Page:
NH Conservation

Selling Real Estate with Conservation Protections

By Tom Howard

Landowners often question how conservation protections on their land may affect its future marketability. This question may precede their decision to place a conservation easement on the property. However, often the thought occurs to the landowner only when the time comes to sell their protected real estate.

Three key components to consider when selling your conservation property are accurate pricing, education of your buyer prospects, and emphasis upon those conservation values that make your real estate special.  

Perhaps foremost in the minds of a seller is the market price. The use limitations imposed upon a property by conservation protections, whether through deed restrictions or a conservation easement, do indeed impact its market value. In essence the overall property value has been reduced by an amount that represents the value of those limitations.

The biggest single mistake a seller can make is to attempt the “Have Your Cake and Eat it Too” whereby a landowner who has already benefitted in some manner by placing conservation protections on their land tries to sell the property for the full market value of the real estate as if the restrictions did not exist. By overpricing the property in this manner the owner can expect the listing to languish on the market.

Educate all parties who show an interest in owning your real estate. While education is always necessary in a real estate transaction, the addition of an unfamiliar element, the conservation protections, makes this teaching component even more important. To achieve the always coveted “win-win” transaction, a clear understanding of the property’s use limitations is vital to the prospective buyer.

Be sure that all relevant documents are available to your prospects. Include with your listing information the property’s deed, the conservation easement deed if applicable, a survey plan showing the areas subject to conservation restrictions, and the baseline documentation report, again if applicable.

Engage the assistance of the organization that is responsible for the conservation restrictions on your land. The appropriate staff can help to explain the relevant documents and can also interpret the restrictions as they might apply to uses proposed by a potential new owner. The organization will typically be very enthusiastic to have an opportunity to provide general conservation information as well as specific details regarding your property to prospective buyers. After all, those buyers are the next generation of stewards for the conservation lands that the organization deems precious. By engaging early in the process, a smooth transition in ownership can be achieved.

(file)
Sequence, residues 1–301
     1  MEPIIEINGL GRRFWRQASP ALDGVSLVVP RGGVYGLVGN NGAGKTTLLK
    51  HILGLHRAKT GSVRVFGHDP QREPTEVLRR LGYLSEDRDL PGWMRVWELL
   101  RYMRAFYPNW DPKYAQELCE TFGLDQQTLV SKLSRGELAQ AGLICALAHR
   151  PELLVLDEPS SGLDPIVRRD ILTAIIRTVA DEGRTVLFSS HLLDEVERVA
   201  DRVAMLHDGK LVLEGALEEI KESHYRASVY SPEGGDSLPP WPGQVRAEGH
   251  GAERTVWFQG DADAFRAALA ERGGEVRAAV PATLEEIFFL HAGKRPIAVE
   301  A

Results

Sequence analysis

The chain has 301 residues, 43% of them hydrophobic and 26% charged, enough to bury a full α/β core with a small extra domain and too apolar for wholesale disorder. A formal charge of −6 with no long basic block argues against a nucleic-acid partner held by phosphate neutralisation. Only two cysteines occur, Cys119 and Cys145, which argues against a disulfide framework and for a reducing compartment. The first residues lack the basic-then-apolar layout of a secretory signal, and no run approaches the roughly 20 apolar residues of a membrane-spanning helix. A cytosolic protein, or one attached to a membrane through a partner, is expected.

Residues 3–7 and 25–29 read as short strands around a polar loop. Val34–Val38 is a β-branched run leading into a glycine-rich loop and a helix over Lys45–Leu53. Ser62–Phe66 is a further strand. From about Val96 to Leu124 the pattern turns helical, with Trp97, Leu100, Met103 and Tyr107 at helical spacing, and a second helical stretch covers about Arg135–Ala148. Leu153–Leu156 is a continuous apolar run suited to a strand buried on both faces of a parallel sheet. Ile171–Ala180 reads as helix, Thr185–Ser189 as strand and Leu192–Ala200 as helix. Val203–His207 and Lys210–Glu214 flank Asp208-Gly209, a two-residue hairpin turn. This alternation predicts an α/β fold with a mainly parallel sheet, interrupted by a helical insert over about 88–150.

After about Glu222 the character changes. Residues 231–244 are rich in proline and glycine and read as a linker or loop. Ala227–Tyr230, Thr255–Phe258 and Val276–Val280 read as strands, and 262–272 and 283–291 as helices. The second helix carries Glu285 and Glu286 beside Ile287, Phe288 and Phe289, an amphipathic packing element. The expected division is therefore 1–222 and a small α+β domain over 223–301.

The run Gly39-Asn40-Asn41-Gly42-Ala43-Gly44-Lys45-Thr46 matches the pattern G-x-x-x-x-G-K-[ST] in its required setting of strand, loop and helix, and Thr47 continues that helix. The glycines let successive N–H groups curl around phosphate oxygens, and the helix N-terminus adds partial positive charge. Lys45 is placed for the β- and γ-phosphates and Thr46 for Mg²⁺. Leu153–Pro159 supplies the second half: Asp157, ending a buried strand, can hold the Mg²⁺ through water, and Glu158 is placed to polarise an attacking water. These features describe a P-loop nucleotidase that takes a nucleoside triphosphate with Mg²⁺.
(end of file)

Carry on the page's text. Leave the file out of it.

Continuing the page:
Promote the aspects of your land that make it so special. Do not shy from discussing the permanent conservation protections. Be proud of your land ethic and understand that the specific buyers you are looking for are those who will appreciate the natural resources featured. Additionally, these same buyers will be equally happy they do not have to pay for property rights, like development potential, that they have no intention of exercising anyway.

Finally, if you decide to contract with a real estate professional to assist with the marketing and sale of your cherished property, be sure to engage the services of a broker who is knowledgeable of conservation transactions and has experience with these important points we have mentioned.

So, price it right, educate your prospective buyers, and sell the values that made your land worthy of conservation protection. You will succeed because the right buyer is out there just waiting for an opportunity such as yours. Good luck!


Tom Howard is the principal broker of NH Conservation Real Estate, a realty company that offers brokerage and consulting services targeted to facilitate conservation transactions throughout New Hampshire. Tom can be reached at 603-253-4999 or via the company website at www.NHConservationRealEstate.com. Copyright 2010.

 
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